- Started mountain bike riding casually (once or twice a week) a couple years ago. Due to a shoulder injury I am no longer able to lift weights, play basketball, golf or any other activity that requires a lot of movement from the shoulder (especially motions above my head).
- When we move to Fort Worth last May I bought a road bike, mostly because we live right next to the Trinity Trail system – a great networks of 40+ miles of trails through Fort Worth. I bought a Specialized Roubaiux Expert. A very nice bike, particularly for long rides. At the time I expected to really get into century rides and other long distance riding, I had no interest in the “race” season.
- Fast forward one year and 7,000 miles later and I am officially a cycling junkie and now ride about 200 – 250 miles per week. I also purchased a USCF racing license and now race on a pretty regular basis. I am currently a Cat. 5 racer (the lowest level) and need 4 more races to move up to Cat. 4. From that point moving up is strictly based on how well I do (could move up to Cat. 3 after winning 3 or 4 races, or could stay stuck at Cat. 4 for the rest of my life). So I have been itching to get a new bike that is more suitable for racing and on Father’s Day Jess gave me the greenlight to get something new.
I orginally got a Kona King Zing frame on the Internet and picked all the components I wanted separately. I had the guys at Panther City Bicycles do the build for me and Bernie did his usual fantastic job. However, after a couple rides I realized the frame wasn’t really what I was looking for. This is why it really helps to do all your cycling purchases with your LBS (local bike shop). I’ve made my living on the Internet for 8 years now and buy almost anything you can imagine online; however, when it comes to bicycle parts/components it really does pay to go local.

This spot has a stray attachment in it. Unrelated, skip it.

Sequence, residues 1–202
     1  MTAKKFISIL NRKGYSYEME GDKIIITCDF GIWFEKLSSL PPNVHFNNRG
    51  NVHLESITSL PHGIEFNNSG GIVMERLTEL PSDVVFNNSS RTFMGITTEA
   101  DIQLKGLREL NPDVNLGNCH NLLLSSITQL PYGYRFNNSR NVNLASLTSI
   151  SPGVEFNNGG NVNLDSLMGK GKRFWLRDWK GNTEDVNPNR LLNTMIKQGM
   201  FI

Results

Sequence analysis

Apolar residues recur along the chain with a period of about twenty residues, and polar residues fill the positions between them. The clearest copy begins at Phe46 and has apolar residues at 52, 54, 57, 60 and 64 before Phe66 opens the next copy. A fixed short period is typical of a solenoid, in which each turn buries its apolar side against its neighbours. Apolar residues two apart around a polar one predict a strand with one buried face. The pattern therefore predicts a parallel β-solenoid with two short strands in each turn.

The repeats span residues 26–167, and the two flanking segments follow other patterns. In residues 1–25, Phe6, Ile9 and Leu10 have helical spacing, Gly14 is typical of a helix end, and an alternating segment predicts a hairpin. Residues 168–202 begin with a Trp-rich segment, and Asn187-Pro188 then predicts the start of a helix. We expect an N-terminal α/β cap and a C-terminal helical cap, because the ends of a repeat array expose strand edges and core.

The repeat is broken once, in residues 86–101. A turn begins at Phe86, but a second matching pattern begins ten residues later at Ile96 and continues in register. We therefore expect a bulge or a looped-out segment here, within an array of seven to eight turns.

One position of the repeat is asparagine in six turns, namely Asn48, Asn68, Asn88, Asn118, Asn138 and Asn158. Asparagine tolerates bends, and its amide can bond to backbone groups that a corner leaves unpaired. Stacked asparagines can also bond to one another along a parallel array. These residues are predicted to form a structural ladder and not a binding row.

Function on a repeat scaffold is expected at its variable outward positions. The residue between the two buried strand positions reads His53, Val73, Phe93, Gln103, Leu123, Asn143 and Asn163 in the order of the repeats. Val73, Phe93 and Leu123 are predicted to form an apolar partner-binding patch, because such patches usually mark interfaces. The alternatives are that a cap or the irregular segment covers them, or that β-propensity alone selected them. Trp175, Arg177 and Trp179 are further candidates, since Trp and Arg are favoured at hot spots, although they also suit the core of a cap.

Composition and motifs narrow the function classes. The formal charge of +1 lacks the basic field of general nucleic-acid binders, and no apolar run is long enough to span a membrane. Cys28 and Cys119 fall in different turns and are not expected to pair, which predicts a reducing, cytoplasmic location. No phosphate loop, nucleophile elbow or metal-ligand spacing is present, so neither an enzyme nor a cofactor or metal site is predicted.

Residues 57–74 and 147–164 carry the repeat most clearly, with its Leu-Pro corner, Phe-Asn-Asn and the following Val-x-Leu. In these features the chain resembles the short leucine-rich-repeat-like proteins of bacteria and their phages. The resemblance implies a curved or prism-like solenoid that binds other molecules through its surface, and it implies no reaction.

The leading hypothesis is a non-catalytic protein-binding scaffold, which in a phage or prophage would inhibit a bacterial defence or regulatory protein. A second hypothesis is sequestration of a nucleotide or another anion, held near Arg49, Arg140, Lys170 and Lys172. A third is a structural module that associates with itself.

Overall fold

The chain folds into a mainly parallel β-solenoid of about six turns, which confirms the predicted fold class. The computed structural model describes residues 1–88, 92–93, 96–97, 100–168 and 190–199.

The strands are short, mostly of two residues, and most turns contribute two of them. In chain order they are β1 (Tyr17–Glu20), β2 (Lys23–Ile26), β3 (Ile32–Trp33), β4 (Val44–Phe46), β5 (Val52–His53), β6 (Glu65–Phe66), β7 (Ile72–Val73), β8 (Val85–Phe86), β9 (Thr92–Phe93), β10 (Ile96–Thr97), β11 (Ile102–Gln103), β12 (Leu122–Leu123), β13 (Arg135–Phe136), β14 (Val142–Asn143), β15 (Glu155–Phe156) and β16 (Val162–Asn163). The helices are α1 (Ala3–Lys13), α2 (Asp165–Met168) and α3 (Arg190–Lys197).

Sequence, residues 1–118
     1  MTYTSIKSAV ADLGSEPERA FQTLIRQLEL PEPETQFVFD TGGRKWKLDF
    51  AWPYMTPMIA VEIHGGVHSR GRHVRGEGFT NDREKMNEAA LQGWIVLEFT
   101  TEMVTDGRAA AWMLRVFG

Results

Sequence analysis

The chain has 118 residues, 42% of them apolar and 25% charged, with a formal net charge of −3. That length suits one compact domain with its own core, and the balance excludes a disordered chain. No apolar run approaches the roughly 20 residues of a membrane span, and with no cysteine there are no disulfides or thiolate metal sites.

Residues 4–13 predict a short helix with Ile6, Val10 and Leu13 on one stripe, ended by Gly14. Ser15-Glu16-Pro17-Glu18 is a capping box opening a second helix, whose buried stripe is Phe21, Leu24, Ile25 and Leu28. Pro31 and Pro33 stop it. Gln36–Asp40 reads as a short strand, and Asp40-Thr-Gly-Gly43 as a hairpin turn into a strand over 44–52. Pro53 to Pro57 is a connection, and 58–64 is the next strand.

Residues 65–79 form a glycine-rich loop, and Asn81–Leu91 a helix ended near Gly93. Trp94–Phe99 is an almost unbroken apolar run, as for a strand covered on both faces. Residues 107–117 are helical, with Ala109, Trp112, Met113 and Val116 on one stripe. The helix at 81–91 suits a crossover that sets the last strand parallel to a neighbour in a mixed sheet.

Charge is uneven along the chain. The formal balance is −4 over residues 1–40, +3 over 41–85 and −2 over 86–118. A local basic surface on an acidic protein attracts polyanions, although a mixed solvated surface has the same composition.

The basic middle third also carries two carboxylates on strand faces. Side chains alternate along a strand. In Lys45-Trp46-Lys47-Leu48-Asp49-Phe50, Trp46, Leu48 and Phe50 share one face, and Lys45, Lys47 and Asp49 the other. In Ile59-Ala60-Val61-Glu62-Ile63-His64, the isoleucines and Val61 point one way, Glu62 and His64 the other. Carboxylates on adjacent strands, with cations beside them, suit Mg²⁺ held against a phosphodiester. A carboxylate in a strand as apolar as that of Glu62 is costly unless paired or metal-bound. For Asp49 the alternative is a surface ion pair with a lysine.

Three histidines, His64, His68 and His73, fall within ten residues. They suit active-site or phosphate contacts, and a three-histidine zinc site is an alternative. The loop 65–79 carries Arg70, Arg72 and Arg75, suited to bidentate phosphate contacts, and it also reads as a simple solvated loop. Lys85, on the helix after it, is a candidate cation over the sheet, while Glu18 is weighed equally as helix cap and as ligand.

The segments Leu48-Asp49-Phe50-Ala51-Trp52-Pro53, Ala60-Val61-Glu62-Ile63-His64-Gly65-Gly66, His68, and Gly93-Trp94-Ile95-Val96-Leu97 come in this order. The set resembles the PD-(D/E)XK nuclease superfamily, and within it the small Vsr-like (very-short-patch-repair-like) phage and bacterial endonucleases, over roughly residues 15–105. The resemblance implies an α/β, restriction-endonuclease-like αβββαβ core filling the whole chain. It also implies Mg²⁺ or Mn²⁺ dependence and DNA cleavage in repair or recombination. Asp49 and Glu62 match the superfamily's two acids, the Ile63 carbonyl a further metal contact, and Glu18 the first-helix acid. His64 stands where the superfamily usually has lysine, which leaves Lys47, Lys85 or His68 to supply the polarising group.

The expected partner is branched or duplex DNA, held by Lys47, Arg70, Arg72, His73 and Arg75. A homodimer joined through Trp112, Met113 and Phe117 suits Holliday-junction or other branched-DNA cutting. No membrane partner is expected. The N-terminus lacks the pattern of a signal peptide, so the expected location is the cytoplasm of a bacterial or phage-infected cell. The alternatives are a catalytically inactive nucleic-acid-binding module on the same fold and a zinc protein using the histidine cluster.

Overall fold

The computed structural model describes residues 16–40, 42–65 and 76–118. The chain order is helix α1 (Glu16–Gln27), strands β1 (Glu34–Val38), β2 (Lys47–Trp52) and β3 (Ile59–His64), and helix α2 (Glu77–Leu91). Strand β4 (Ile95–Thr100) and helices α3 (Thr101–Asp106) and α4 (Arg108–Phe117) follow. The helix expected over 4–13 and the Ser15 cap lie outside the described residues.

So I found another frame that I thought my fit the bill at Fort Worth Cycling – a Kuota Kredo. James did a great job on the fit and I couldn’t be any happier with the bike. The Goatneck on Saturday was the first long ride for the new steed and it is surperior to the Roubaix in a few areas:
- Lighter – The bike before pedals is right at 15 pounds, which is ridiculously light.
- Stiffer – No more flex in the bottom bracket. When push the Kredo, it goes.
- Handling – This is maybe the biggest change for me. The Roubaix always felt soft and uneasy in the corners (not what you want when you are racing in a crit), but the Kredo really does take corners like it is on rails (pardon the overused expression).
- Wheels – the wheels I have are Easton EC70 (a 38mm carbon clincher wheelset). They aren’t available to the public yet, but I was able to get an early prototype set from the Toyota United pro cycling team (long story). The deep section wheel really does make a difference when you are riding 20+mph. Hopefully they will give me a slight edge when I ride with the group out of FW Cycling on Tuesday and Thursday mornings. BTW, if anyone is looking for a fast weekday training ride in FW, this is it. Average is in the mid 20’s over the rolling hills of the I-20/I-30 service roads. We take off from the shop at 6:45 a.m. sharp. It works great for me, I leave the house just after 6 a.m. and it is about 8-9 miles to the shop, we ride 30 miles and a fast clip, then 8-9 miles home. It’s pretty cool to be able to ride almost 50 miles in the morning and still be in the office by 9 or 9:30.
- Looks – Yeah, it looks pretty cool. This bike just looks fast hanging on my garage wall.
So now there are no bike-related excuses. If I don’t ride well, it isn’t the bike, it is the engine 😉